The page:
An introduction to QBism: putting the humans into quantum theory – Fellows’ seminar by Ruediger Schack

26 July 2019

“There is no typo in the title: While the similarity with Cubism is fully intended, QBism is not an art movement but a radically new way to make sense of quantum theory. The name derives from Quantum Bayesianism, a precursor of QBism. In this talk I will explain what QBism is and how it changes the way we look at the world,” said Ruediger Schack of the Department of Mathematics Royal Holloway, University of London. Schack was presenting the first seminar of the second STIAS semester and is at STIAS along with project colleagues Christopher Fuchs of the University of Massachusetts, Richard Healey of the University of Arizona, Thomas Ryckman of Stanford University and Jacques Pienaar of the International Institute of Physics, Brazil.

The group has worked on this project at STIAS since 2012 and Schack described the work at STIAS as having “been crucial to the development of the field”.

“QBism (pronounced ‘cubism’) is an interpretation of quantum mechanics – the Q – that takes an agent’s actions and the resulting personal consequences for the agent as the central concerns of the theory,” he said.

“This contrasts with the usual talk we hear from physicists of (passive) observers, macroscopically defined quantum measurements, and objective measurement outcomes,” he added.

Schack - 1
STIAS fellow Ruediger Schack during his seminar on 18 July 2019

People matter

“Basically the message of QBism is that people (more generally, ‘agents’) matter – that people play a creative function in the world. Quantum mechanics therefore does not provide an objective, agent-independent description of the world – it rules out a ‘view from nowhere’,” said Schack.

Schack explained that in QBism, there are no objective elements of reality that determine outcomes or probabilities of outcomes. Rather, every quantum measurement is an action on the world by an agent using their judgment and experience that results in the creation of something new. It implies that the world does not evolve according to an objective mechanism.

He explained that the B initially stood for Bayesian which accounts for probabilities but this is now regarded as too narrow, so currently it is ‘Bettabilitarian’. “This basically means that the world is bettable,” he said, “and implies that any agent can bet or predict future expectations on the basis of past experiences.”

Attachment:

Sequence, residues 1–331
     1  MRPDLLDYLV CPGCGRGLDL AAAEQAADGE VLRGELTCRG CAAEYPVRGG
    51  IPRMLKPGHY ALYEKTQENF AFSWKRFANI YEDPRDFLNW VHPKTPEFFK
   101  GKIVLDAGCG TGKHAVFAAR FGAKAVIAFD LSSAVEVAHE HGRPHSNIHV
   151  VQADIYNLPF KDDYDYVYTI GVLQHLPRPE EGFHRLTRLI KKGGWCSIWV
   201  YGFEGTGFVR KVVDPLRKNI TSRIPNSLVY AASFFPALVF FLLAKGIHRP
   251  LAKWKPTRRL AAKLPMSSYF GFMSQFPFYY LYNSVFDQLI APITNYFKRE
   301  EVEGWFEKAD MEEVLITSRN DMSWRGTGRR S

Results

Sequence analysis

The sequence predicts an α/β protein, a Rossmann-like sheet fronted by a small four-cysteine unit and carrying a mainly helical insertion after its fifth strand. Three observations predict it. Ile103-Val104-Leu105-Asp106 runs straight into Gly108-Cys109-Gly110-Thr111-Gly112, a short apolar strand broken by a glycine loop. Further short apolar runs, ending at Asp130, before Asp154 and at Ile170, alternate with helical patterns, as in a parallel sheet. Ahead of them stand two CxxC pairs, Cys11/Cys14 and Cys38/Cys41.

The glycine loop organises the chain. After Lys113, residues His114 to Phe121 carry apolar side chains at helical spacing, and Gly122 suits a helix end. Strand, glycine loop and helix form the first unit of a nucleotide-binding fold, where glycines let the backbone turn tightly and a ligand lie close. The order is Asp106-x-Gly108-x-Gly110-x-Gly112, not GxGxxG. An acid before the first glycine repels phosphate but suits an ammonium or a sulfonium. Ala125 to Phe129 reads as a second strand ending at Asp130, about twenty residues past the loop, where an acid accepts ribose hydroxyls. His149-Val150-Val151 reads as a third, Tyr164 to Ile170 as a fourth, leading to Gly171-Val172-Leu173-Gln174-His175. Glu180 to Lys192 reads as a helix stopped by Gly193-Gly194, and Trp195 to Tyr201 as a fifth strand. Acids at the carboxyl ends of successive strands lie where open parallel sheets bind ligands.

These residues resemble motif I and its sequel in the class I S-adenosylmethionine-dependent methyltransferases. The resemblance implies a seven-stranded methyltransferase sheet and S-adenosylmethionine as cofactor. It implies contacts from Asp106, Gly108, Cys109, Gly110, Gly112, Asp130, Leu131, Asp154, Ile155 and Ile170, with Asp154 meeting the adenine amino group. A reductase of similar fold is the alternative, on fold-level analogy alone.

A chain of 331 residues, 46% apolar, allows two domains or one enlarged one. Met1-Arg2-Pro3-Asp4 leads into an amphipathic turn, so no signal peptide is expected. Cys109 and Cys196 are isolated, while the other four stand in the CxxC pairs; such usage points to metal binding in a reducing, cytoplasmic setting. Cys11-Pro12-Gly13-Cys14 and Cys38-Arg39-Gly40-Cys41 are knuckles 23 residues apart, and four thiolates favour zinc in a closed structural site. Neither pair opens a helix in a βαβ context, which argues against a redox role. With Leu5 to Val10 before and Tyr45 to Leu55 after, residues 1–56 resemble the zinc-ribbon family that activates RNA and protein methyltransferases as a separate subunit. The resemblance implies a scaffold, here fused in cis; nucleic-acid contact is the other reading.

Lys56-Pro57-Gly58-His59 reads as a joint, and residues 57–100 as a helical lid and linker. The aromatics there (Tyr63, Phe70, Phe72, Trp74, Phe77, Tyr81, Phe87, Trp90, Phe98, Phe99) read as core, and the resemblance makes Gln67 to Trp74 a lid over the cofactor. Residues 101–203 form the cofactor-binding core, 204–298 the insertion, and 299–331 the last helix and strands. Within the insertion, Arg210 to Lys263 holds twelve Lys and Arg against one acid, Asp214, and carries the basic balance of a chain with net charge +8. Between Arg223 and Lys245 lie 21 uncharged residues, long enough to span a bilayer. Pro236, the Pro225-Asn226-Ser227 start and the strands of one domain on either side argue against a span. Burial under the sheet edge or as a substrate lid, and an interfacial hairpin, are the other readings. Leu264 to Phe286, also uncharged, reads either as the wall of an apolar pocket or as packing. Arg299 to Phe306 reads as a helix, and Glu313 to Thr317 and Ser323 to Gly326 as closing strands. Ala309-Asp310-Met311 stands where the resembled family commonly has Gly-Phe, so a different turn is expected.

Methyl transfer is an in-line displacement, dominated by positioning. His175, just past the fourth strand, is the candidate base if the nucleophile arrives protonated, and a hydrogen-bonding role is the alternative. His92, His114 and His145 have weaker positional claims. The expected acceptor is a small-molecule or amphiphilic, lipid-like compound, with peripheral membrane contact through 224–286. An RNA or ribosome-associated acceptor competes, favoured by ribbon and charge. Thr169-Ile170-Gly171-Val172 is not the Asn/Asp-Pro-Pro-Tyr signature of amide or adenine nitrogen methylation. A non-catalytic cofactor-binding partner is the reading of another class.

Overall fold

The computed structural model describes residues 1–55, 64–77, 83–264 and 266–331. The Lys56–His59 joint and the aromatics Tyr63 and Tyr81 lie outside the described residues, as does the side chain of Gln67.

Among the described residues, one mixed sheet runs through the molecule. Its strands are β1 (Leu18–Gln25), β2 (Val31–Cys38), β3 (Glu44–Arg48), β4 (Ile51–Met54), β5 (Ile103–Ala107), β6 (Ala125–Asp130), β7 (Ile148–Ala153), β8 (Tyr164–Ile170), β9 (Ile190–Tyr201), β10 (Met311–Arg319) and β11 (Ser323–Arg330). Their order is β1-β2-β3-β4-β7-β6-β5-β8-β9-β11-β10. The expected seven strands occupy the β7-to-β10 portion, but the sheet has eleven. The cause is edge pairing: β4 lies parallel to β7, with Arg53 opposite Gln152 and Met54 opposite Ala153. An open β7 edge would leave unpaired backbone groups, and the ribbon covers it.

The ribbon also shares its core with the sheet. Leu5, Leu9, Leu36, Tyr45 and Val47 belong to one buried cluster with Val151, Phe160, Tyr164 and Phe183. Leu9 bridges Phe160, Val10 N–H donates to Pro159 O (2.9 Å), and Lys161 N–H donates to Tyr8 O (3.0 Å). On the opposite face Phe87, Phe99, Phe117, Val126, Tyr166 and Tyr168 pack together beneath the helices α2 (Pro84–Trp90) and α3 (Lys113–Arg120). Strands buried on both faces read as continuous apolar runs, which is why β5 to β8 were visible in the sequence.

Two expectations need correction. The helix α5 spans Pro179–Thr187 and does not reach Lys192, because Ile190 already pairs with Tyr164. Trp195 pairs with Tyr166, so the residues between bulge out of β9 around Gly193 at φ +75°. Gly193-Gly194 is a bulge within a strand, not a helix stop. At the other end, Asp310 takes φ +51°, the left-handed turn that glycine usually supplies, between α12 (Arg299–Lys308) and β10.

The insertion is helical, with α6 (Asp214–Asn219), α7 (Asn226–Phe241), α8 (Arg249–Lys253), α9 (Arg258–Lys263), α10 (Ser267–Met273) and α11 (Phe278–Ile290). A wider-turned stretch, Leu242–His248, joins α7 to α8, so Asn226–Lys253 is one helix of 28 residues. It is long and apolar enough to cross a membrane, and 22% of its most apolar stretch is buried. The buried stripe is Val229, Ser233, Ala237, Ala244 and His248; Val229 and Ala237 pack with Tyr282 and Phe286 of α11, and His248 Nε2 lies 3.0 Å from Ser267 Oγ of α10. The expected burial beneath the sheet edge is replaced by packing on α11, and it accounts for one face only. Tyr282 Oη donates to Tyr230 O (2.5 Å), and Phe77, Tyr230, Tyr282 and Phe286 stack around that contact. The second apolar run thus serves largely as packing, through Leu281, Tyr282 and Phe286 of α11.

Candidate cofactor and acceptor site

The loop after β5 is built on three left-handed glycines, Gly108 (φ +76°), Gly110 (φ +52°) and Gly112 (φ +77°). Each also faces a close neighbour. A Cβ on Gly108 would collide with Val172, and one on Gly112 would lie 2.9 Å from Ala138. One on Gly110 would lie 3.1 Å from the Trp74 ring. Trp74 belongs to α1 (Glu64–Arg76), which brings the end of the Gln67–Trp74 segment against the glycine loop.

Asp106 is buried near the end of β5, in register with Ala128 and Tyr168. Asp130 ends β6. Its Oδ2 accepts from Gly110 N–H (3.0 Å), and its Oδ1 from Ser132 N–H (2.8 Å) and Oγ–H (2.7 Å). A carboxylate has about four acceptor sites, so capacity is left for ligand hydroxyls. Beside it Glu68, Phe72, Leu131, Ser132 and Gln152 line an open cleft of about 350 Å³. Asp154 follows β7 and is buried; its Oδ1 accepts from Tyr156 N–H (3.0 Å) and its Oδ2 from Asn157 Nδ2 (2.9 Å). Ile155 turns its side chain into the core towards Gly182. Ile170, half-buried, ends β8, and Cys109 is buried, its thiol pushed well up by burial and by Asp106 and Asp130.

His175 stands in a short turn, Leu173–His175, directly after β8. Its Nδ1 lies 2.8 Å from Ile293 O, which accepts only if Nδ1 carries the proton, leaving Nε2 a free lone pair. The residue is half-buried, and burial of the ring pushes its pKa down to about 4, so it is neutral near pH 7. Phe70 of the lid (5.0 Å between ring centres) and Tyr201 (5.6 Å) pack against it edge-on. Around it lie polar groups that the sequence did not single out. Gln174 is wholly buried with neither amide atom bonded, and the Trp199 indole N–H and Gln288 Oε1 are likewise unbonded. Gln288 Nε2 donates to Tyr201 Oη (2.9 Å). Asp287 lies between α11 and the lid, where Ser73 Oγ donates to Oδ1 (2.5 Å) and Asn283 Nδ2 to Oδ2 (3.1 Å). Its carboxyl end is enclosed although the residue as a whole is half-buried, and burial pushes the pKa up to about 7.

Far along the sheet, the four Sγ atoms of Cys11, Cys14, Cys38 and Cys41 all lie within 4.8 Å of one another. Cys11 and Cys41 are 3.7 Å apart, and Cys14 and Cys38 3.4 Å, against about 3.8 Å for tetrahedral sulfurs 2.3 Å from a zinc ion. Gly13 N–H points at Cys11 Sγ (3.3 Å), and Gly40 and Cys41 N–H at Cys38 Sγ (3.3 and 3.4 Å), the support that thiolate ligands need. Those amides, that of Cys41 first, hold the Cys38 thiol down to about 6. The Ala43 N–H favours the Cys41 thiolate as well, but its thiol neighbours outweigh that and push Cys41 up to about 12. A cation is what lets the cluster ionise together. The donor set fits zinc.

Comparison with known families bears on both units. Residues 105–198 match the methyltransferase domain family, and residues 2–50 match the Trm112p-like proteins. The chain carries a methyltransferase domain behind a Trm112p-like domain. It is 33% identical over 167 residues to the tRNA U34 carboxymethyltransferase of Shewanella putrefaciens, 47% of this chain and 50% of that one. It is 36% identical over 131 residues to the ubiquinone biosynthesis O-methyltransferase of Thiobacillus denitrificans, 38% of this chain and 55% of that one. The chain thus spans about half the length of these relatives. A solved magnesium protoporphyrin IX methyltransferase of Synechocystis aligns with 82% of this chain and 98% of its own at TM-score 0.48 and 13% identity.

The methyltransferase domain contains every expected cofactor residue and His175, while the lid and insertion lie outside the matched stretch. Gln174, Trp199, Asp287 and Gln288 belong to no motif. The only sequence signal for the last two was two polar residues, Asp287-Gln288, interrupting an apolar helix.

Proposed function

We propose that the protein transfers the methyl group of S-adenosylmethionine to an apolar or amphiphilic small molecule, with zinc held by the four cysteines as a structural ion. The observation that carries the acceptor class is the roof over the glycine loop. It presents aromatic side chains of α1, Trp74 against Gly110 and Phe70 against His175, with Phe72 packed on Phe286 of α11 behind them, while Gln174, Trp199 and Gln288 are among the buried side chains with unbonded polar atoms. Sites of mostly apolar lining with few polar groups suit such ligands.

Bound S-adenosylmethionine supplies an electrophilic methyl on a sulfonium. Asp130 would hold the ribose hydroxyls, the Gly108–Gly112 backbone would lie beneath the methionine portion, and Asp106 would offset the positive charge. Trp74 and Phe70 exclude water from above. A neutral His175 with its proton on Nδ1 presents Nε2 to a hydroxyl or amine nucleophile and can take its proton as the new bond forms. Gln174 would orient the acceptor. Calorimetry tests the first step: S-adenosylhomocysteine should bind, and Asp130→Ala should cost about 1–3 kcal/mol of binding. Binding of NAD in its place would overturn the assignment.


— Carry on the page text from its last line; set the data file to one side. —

“The interpretation is distinguished by its use of a subjective Bayesian account of probabilities to understand the quantum mechanical Born rule (the means by which quantum theory calculates probabilities) as a normative addition to good decision making,” he added.

“This means probability depends on previous experiences and beliefs.”

“However, the Born rule is not a law dictating what the world must do, but a statement about how each of us can strategise to best survive and prosper in an unruly, only partially controllable world,” he continued.

He explained the way quantum mechanics uses wavefunctions – not to describe the world, but to navigate it. “A wavefunction is a mathematical object to capture the probability of finding a particle at a given position,” he said. “However, in QBism wavefunctions are personal to the agent using it to guide his or her actions.”

“Quantum Bettabilitarianism – QBism – is therefore a tool that helps agents to gamble on the consequences of their actions,” he continued. “According to QBism, quantum mechanics is a theory that any agent can use to better survive in the world, based on his or her prior experience. The laws of quantum mechanics are not laws of nature, but tools that help agents to navigate the world and tell us how to act optimally.”

The multidisciplinary group, which Schack described as “a lucky meeting of minds”,will use its current visit to STIAS to explore new directions in this field and to debate aspects of the ontology and phenomenology of QBism.

Michelle Galloway: Part-time media officer at STIAS
Photograph: Christoff Pauw

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